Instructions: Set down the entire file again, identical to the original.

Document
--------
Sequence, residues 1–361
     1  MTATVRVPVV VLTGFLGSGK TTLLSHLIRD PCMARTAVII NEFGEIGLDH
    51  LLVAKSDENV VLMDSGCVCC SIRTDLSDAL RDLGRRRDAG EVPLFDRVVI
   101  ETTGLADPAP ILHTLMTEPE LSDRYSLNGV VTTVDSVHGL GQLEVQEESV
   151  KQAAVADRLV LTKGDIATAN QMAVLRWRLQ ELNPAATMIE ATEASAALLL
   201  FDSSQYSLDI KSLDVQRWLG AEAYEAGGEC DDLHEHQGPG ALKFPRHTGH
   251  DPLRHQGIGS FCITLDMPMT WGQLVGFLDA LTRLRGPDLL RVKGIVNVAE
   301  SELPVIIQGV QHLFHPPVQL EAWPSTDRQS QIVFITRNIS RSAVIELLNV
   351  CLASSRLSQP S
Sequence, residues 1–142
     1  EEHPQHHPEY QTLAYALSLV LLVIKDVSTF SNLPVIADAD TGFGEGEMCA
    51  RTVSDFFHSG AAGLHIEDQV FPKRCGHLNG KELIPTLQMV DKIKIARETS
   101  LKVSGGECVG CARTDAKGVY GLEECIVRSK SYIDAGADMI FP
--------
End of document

Sequence, residues 1–361
     1  MTATVRVPVV VLTGFLGSGK TTLLSHLIRD PCMARTAVII NEFGEIGLDH
    51  LLVAKSDENV VLMDSGCVCC SIRTDLSDAL RDLGRRRDAG EVPLFDRVVI
   101  ETTGLADPAP ILHTLMTEPE LSDRYSLNGV VTTVDSVHGL GQLEVQEESV
   151  KQAAVADRLV LTKGDIATAN QMAVLRWRLQ ELNPAATMIE ATEASAALLL
   201  FDSSQYSLDI KSLDVQRWLG AEAYEAGGEC DDLHEHQGPG ALKFPRHTGH
   251  DPLRHQGIGS FCITLDMPMT WGQLVGFLDA LTRLRGPDLL RVKGIVNVAE
   301  SELPVIIQGV QHLFHPPVQL EAWPSTDRQS QIVFITRNIS RSAVIELLNV
   351  CLASSRLSQP S
Sequence, residues 1–142
     1  EEHPQHHPEY QTLAYALSLV LLVIKDVSTF SNLPVIADAD TGFGEGEMCA
    51  RTVSDFFHSG AAGLHIEDQV FPKRCGHLNG KELIPTLQMV DKIKIARETS
   101  LKVSGGECVG CARTDAKGVY GLEECIVRSK SYIDAGADMI FP